Full-Orbed Christianity: The Protestant Churches and Social Welfare in Canada, 1900-1940

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McGill-Queen's Press - MQUP, Mar 25, 1996 - Religion - 367 pages
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Christie and Gauvreau look at the ways in which reformers expanded the churches' popular base through mass revivalism, established social work and sociology in Canadian universities and church colleges, and aggressively sought to take a leadership role in social reform by incorporating independent reform organizations into the church-sponsored Social Service Council of Canada. They also explore the instrumental role of Protestant clergymen in formulating social legislation and transforming the scope and responsibilities of the modern state. The enormous influence of the Protestant churches before World War II can no longer be ignored, nor can the view that the churches were accomplices in their own secularization be justified. A Full-Orbed Christianity calls on historians to rethink the role of Protestantism in Canadian life and to see it not as the garrison of anti-modernity but as the chief harbinger of cultural change before 1940.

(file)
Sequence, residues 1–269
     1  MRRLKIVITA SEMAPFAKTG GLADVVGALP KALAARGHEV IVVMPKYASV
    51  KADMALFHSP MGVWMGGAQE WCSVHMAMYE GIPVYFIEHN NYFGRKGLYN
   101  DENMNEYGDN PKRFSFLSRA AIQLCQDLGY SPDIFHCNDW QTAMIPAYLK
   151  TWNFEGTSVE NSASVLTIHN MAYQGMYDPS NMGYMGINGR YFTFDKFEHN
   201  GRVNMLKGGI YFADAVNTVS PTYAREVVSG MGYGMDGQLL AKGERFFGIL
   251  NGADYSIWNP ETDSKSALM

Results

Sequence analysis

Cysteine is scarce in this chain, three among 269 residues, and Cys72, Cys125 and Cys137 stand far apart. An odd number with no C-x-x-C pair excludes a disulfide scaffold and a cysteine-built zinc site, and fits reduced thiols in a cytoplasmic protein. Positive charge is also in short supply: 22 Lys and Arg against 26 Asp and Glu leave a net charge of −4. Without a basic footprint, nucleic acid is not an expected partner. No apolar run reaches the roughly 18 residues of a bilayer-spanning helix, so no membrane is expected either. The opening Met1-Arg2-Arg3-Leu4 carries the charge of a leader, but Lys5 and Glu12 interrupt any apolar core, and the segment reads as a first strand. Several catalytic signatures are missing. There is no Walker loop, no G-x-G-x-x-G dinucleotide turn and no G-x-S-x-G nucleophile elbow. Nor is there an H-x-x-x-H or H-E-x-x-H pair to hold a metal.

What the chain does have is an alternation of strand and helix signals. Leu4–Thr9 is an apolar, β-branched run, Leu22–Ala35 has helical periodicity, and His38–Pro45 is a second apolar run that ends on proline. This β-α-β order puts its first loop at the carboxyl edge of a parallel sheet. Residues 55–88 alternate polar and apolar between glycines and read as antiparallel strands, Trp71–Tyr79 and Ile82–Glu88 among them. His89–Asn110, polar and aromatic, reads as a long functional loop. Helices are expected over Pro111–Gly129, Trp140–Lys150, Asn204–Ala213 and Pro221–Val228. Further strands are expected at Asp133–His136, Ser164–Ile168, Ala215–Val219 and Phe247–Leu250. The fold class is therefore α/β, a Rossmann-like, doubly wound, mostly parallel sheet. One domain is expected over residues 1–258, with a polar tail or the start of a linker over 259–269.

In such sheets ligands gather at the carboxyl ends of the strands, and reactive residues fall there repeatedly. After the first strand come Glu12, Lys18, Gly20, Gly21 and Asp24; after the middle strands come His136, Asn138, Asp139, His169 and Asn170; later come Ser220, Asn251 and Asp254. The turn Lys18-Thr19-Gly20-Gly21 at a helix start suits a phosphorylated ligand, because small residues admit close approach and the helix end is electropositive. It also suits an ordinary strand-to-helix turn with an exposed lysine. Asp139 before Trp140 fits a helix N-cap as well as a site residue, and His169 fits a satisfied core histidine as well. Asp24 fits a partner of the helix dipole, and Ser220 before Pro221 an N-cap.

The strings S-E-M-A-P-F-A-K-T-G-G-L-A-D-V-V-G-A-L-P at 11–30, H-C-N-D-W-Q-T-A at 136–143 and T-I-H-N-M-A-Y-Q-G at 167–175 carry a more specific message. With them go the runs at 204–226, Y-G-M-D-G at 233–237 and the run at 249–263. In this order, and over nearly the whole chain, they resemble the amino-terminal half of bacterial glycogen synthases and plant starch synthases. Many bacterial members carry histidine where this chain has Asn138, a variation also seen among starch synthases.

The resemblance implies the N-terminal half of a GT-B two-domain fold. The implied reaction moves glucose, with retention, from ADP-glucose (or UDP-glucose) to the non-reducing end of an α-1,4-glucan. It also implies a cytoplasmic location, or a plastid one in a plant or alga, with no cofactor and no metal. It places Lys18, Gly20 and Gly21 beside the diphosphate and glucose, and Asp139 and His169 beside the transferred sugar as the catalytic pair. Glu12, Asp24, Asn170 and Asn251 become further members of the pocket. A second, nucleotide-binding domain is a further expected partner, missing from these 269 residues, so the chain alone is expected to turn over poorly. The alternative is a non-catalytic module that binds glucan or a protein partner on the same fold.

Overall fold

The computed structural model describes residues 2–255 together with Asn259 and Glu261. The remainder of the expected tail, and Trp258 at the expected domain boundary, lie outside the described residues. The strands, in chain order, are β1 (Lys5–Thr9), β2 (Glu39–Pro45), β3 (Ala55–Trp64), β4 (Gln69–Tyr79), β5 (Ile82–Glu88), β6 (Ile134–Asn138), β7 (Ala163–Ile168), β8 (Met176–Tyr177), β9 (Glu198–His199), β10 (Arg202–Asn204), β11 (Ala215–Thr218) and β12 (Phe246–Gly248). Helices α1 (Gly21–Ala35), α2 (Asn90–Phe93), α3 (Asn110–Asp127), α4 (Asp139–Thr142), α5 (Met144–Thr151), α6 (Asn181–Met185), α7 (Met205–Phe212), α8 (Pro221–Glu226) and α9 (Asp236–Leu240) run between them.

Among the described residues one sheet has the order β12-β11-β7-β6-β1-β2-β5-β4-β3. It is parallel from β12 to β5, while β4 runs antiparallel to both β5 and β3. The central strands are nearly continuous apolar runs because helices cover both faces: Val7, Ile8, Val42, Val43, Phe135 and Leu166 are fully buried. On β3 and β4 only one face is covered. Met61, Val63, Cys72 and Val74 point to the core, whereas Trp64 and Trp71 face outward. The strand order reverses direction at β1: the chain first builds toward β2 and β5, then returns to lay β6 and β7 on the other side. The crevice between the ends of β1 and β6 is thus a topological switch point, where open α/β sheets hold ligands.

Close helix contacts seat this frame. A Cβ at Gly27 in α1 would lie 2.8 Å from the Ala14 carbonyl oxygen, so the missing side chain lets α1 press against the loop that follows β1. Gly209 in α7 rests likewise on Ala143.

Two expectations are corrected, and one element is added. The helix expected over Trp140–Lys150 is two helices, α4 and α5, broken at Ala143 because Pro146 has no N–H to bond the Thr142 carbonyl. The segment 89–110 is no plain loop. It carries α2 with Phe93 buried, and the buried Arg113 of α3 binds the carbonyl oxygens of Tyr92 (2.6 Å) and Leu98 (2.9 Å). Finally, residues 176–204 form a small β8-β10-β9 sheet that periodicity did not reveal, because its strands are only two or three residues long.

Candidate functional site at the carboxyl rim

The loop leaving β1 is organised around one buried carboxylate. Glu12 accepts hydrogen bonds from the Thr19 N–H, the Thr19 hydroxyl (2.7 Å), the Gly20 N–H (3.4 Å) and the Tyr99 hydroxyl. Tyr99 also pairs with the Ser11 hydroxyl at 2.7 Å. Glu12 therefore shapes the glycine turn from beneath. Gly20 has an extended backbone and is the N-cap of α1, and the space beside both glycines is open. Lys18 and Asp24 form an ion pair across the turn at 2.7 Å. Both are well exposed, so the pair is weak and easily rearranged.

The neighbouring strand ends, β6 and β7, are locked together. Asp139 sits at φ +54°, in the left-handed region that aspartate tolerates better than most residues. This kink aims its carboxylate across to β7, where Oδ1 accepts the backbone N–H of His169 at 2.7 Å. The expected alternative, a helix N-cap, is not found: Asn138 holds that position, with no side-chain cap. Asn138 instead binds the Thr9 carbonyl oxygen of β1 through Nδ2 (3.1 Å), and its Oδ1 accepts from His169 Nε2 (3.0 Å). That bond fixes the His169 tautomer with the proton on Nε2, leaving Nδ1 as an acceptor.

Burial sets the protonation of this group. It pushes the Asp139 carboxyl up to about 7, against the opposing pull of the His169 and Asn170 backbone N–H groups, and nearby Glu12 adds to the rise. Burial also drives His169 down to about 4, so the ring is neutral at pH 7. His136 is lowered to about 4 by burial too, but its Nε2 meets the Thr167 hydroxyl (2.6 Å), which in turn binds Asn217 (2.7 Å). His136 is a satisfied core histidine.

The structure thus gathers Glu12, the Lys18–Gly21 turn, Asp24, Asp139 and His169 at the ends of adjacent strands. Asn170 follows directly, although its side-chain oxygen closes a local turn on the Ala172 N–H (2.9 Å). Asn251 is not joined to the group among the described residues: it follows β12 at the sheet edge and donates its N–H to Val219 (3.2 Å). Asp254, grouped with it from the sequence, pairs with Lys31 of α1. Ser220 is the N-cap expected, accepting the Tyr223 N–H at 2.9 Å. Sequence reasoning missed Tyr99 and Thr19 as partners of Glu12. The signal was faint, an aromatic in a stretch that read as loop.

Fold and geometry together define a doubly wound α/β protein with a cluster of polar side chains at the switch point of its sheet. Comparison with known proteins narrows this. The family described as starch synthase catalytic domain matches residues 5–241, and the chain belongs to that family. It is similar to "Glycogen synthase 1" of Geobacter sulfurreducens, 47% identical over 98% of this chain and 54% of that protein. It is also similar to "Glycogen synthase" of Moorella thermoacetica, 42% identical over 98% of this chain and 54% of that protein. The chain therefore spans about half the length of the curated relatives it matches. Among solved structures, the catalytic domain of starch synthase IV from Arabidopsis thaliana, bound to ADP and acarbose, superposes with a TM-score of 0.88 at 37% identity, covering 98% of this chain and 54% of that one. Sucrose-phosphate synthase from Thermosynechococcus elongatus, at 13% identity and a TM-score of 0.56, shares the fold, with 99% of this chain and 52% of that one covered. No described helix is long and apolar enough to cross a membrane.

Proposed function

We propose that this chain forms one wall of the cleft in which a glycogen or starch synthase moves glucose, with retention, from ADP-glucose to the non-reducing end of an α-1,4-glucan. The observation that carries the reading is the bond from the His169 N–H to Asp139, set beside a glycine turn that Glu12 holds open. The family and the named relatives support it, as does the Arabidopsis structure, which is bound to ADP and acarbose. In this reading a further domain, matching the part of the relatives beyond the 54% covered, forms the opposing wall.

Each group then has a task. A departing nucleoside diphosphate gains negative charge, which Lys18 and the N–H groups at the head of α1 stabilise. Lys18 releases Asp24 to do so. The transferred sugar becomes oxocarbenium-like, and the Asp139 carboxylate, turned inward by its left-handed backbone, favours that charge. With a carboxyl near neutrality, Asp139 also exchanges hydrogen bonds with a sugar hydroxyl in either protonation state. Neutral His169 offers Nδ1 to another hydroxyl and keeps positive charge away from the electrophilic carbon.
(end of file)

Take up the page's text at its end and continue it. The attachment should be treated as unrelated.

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Contents

1 The Urgency of Evangelism
3
2 Reviving the Religion of the Vernacular
37
3 To Complete the Circle of Scientific Theology
75
The Protestant Churches and Social Work in Equipoise
131
5 The Protestant Churches the Social Survey and Rural Planning
165
A ClearingHouse for the Modern State
197
7 The United Church and the Revival of Personal Religion
224
Encompassing the Modern Age
244
Notes
251
Manuscript Sources
355
Index
359
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About the author (1996)

NANCY CHRISTIE is an independent scholar in Toronto and the Innis prize-winning author of "A Full-Orbed Christianity: The Protestant Churches and Social Welfare in Canada.

Hist, McMaster

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